Area Forecast Discussion
Issued by NWS Memphis, TN

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FXUS64 KMEG 281727

Area Forecast Discussion
National Weather Service Memphis TN
1227 PM CDT Sat Mar 28 2020

Updated 18Z Aviation Discussion.


.PREV DISCUSSION... /issued 1039 AM CDT Sat Mar 28 2020/


1030 AM update. Temperatures are holding steady in the low to mid
70s with dewpoints in the mid to upper 60s. Latest SPC
mesonanalysis depicts about 1000 J/kg of MLCAPE at this hour with
a decent cap in place. A 2000 foot deck of stratus has developed
across the area, which should limit the amount of heating today.
Highs will likely peak in the upper 70s to lower 80s over
northeast Mississippi yielding as much as 2500 J/kg of SBCAPE
across much of the area. The atmosphere will certainly be unstable
enough to support severe thunderstorms later this afternoon and
into the evening hours as a cold front sweeps across the area.

However, the setup continues to look a bit messy with a variety
of storm modes possible. Initially storms are expected to develop
over northeast Arkansas and the Missouri Bootheel just ahead of
the cold front. These storms may be discrete in nature and pose a
risk for all hazards including tornadoes. Forecast soundings show
as much as 2500 MLCAPE over this area with large looping
hodographs, suggesting supercells will be possible. As the cold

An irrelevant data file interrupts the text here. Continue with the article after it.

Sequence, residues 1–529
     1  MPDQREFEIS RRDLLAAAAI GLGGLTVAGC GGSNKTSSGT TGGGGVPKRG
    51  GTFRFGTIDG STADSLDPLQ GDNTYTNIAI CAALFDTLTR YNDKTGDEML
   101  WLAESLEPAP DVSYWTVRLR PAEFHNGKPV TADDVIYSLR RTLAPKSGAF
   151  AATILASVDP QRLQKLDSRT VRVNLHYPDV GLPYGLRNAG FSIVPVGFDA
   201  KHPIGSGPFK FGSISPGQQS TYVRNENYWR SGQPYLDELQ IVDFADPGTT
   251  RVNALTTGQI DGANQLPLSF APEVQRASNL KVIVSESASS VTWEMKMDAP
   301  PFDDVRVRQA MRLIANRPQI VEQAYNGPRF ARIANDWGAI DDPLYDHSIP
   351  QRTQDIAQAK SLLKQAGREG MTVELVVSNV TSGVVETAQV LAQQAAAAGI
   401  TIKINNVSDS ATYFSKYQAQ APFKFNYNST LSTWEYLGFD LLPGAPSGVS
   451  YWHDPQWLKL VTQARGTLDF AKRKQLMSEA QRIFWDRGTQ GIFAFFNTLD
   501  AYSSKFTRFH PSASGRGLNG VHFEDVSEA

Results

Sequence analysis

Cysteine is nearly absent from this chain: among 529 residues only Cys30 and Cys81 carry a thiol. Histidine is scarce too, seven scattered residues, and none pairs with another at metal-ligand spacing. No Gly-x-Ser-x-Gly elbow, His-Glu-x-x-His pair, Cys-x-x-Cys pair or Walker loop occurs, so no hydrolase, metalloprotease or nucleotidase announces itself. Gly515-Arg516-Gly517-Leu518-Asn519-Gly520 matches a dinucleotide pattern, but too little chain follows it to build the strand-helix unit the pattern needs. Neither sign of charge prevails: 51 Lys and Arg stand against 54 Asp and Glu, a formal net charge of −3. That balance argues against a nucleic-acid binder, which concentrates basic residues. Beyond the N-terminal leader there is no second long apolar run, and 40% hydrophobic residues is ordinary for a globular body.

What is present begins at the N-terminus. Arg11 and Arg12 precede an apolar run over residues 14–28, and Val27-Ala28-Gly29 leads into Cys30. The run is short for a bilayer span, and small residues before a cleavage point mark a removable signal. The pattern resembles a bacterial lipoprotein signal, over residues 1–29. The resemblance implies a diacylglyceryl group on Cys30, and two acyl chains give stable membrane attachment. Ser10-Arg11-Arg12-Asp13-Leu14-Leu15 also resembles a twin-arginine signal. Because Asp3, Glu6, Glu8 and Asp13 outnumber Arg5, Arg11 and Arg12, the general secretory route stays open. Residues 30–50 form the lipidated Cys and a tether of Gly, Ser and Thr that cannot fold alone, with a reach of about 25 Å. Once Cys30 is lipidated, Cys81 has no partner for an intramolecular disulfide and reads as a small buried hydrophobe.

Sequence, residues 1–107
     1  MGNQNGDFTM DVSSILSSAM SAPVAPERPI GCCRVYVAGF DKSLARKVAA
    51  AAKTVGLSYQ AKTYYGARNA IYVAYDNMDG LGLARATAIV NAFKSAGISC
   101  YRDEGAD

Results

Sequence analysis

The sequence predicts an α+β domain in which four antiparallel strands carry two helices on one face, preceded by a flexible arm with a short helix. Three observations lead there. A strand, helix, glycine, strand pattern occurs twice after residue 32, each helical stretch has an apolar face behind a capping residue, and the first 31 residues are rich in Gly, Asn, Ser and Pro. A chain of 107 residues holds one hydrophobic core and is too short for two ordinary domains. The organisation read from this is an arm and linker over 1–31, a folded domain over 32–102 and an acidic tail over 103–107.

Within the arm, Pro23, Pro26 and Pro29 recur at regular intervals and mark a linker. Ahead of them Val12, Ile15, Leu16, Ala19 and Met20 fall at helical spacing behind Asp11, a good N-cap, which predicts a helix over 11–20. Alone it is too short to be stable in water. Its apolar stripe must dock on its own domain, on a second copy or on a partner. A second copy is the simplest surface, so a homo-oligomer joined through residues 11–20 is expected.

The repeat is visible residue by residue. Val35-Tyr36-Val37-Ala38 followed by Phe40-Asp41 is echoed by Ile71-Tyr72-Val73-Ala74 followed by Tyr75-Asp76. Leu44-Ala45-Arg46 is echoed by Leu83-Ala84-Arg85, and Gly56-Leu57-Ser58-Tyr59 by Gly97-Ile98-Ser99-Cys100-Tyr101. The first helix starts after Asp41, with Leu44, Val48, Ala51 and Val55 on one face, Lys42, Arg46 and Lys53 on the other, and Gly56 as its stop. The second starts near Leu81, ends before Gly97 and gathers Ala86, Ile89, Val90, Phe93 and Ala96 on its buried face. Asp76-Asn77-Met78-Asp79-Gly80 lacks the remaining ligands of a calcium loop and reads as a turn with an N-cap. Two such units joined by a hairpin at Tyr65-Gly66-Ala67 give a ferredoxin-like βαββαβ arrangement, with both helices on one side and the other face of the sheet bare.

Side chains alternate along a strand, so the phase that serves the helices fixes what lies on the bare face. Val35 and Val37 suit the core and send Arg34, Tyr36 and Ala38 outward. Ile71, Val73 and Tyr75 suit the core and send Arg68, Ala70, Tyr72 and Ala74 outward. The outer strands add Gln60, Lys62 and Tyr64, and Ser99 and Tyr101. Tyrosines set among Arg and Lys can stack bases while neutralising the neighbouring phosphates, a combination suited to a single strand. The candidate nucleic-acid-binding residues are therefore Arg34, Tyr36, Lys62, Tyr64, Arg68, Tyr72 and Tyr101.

front catches up this evening, the storm mode may morph into
broken line segments with the risk for embedded circulations.
Shear is expected to become a little more unidirectional in time,
and a QLCS looks probable as the line congeals. Damaging winds
would then become the main threat. Still, bulk shear will be on
the order of 65-80 kts, posing a risk for QLCS tornadoes as well.
The threat for severe thunderstorms should push east of the
Tennessee River just after midnight, with a few trailing showers
into the overnight hours. Temperatures are not expected to fall
much, as the front is of Pacific origin.

No big changes were made to the grids at this time.


PREV DISCUSSION... /issued 620 AM CDT Sat Mar 28 2020/

UPDATE...Aviation Discussion.

PREV DISCUSSION... /issued 543 AM CDT Sat Mar 28 2020/

GOES 16 Satellite imagery shows mostly cloudy skies across the
Mid-South which has helped keep temperatures up across the region.
Current observations show a very warm and humid airmass is in
place, especially for this time of year. Temperatures are in the
low 70s with dew-points in the mid 60s to low 70s. Strong
southerly flow is ushering in the airmass ahead of mature wave
that surface analysis charts show is currently over southwestern
KS. The associated warm front stretches into central KS, northern
MO, and central IL. The cold front is situated over KS, western
OK, and central TX which is what is expected to bring severe
weather across the region later today. Observed 00Z Skew-Ts across
LZK and BNA show an already unstable airmass is in place with
absolutely unstable mid-level lapse rates and CAPE greater than
1,200 J/kg, in addition to high bulk shear.